"It shall be unlawful for any person to erect, repair, or relocate within the City of Newport News, any sign or other advertising structure as defined in this ordinance, without first obtaining an erection permit from the Building Inspector, or his authorized representative, and making payment of the fee required by Section 7 hereof. A copy of such permit shall be kept on the premises for public inspection during the prosecution of the work and until the completion of same.

* * *

"SECTION 30. AWNINGS AND CANOPIES

"(a) Definitions.

* * *

"(2) Canopy. A canopy as regulated by this ordinance shall include any structure other than an awning projecting over the sidewalk for the protection to an entrance to a building. Fixed canopies may be constructed over a sidewalk as a protection to an entrance of a building, provided such canopies are constructed of metal framework and covered with either metal or fire resisting cloth and approved by the Director of Public Works. . . .

* * *

"(6) Width, Canopies. No canopy shall be wider than three (3) feet on either side of the entrance to the building. . . ."

Segaloff argues that the canopy which they constructed between Warwick Boulevard and the La Vogue Store is the type of canopy contemplated and permitted by Section 30(a)(2) of ordinance 69 of the City. We cannot agree. The canopy described in the ordinance obviously refers to a type that projects over a sidewalk and is designed to afford protection to an entrance to a building in somewhat the same manner as is afforded by an awning. Awnings are usually lowered or unfolded during the daytime and raised or folded at evening. Since canopies are usually fixed, remain stationary during off-business hours and when streets are deserted, the requirement is found that they be constructed of metal or fire-resisting cloth and approved by the Director of Public Works.

Canopy is variously described and innumerable structures and devices are called by that name. A common definition describes it as a covering usually for protection or shelter. A frequent use is as a covering of cloth suspended from the four high posts of a bed. It is ascribed to the covering carried on poles over an exalted personage or sacred object. A canopy can be both temporary or permanent cover providing shelter and decoration, as over a door or window. An awning or marquee often stretching from doorway to curb, or covering a section of a grandstand, is called a canopy. The transparent enclosure over an airplane cockpit is called a canopy, as is the lifting or supporting surface of a parachute.

The plans for the La Vogue Store provided for numerous "canopies" throughout the store. Obviously they are not the same as the canopy which is the structure under dispute, or the type of canopy referred to in ordinance 69. A great deal of the evidence deals with a description of the structure and whether it is in fact a canopy. Manifestly it can be and is best so described. It can also be called a marquee, a covered passageway, or a covered entrance. If it were located on a farm it would probably be called an open shed.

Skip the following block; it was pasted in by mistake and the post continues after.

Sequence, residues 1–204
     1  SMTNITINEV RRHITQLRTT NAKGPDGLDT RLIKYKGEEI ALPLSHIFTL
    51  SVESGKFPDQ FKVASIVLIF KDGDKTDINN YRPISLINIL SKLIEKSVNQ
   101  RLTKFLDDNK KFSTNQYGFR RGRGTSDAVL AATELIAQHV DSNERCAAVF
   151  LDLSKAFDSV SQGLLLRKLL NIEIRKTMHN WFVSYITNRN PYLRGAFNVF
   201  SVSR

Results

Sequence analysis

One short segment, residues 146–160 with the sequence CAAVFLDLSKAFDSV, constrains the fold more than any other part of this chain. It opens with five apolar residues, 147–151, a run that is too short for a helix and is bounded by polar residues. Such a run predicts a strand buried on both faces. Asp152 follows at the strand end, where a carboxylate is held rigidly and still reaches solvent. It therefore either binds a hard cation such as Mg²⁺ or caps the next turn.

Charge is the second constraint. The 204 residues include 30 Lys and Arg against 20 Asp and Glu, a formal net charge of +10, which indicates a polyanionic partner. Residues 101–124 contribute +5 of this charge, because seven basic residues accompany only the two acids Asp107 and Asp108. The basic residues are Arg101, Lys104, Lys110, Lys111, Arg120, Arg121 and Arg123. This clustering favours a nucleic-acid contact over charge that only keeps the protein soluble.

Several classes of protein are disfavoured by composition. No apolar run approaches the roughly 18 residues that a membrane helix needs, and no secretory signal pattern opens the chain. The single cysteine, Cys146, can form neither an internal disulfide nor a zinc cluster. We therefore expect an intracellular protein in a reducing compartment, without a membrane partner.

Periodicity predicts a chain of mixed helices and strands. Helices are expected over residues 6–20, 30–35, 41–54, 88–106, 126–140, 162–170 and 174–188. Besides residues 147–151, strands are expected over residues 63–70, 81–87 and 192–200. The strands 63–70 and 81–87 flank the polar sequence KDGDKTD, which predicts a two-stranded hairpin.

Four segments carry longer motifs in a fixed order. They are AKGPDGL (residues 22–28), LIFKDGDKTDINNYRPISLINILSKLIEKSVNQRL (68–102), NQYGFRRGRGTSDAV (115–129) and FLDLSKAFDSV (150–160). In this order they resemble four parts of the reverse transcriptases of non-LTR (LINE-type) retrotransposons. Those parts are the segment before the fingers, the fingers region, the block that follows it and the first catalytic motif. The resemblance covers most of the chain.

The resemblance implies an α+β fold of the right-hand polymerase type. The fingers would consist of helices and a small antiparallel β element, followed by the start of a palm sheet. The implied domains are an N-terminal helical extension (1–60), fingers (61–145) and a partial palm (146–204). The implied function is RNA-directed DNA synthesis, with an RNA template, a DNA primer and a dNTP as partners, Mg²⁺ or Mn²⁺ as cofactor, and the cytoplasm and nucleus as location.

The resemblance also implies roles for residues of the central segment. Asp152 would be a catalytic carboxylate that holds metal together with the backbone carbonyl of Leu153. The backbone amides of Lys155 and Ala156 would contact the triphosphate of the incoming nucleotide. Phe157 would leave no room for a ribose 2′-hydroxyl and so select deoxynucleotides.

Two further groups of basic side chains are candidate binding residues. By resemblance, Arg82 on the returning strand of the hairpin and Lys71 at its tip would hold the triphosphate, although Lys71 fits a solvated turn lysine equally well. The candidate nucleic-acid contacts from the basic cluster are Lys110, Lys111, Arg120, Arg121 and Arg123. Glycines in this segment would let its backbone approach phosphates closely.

The narrow issue for our decision is whether the canopy under consideration is of the type regulated, described and permitted in ordinance 69 adopted by the City. A careful reading of this ordinance plainly shows that it is not. It is a different type, designed to accomplish a different purpose, and erected on Segaloff's private property. It is not over a city sidewalk. It is to protect the passage of customers over a private walkway or passageway. It does not lead to an entrance.

We conclude that the canopy in question is a structure within the definition of the zoning ordinance of the City. Its erection nearer than 30 feet to the street line in Commercial-1 District is prohibited. It is not the type or kind that is described in, or regulated by, the sign ordinance of the City.

Having disposed of this case on its merits, it is not necessary that we consider the City's motion to dismiss the appeal.

For the reasons stated, we affirm the decree of the trial court.

Affirmed.


Summaries of

Segaloff v. City of Newport News

Supreme Court of Virginia
Sep 6, 1968
163 S.E.2d 135 (Va. 1968)

In Segaloff v. City of Newport News, 209 Va. 259, 163 S.E.2d 135 (1968), the Appellants, Charles Segaloff and Walter Rabinowitz, sought and received building permits from the Appellee for the construction of a store and canopy.

Summary of this case from Harrison v. Town of Eleanor

In Segaloff, the city obtained an injunction, upheld on appeal, requiring removal of a canopy erected in violation of the local zoning ordinance.

Summary of this case from Vepco v. Savoy Const. Co.

In Segaloff a building permit was issued by the City of Newport News for the construction of a La Vogue store. Shown on the plans filed for a building permit was a 16 x 75 foot structure designated thereon as a canopy.

Summary of this case from Wanv, Inc. v. Houff
Case details for

Segaloff v. City of Newport News

Case Details

Full title:CHARLES SEGALOFF, ET AL. v. CITY OF NEWPORT NEWS

Court:Supreme Court of Virginia

Date published: Sep 6, 1968

Citations

163 S.E.2d 135 (Va. 1968)
163 S.E.2d 135